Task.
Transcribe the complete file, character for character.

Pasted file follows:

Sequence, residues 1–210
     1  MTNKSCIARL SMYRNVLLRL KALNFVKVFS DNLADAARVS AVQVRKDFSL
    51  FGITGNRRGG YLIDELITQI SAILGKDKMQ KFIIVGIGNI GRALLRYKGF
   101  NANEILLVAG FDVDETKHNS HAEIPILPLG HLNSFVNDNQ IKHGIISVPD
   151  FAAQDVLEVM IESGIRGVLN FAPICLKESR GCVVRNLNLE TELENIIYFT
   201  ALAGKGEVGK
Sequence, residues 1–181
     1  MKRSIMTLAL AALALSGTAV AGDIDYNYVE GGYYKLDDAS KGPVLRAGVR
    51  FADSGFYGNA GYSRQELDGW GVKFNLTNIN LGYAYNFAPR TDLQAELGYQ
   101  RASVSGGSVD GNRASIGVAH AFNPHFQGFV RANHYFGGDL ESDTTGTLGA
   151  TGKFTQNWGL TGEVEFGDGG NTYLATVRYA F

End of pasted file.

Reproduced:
Sequence, residues 1–210
     1  MTNKSCIARL SMYRNVLLRL KALNFVKVFS DNLADAARVS AVQVRKDFSL
    51  FGITGNRRGG YLIDELITQI SAILGKDKMQ KFIIVGIGNI GRALLRYKGF
   101  NANEILLVAG FDVDETKHNS HAEIPILPLG HLNSFVNDNQ IKHGIISVPD
   151  FAAQDVLEVM IESGIRGVLN FAPICLKESR GCVVRNLNLE TELENIIYFT
   201  ALAGKGEVGK
Sequence, residues 1–181
     1  MKRSIMTLAL AALALSGTAV AGDIDYNYVE GGYYKLDDAS KGPVLRAGVR
    51  FADSGFYGNA GYSRQELDGW GVKFNLTNIN LGYAYNFAPR TDLQAELGYQ
   101  RASVSGGSVD GNRASIGVAH AFNPHFQGFV RANHYFGGDL ESDTTGTLGA
   151  TGKFTQNWGL TGEVEFGDGG NTYLATVRYA F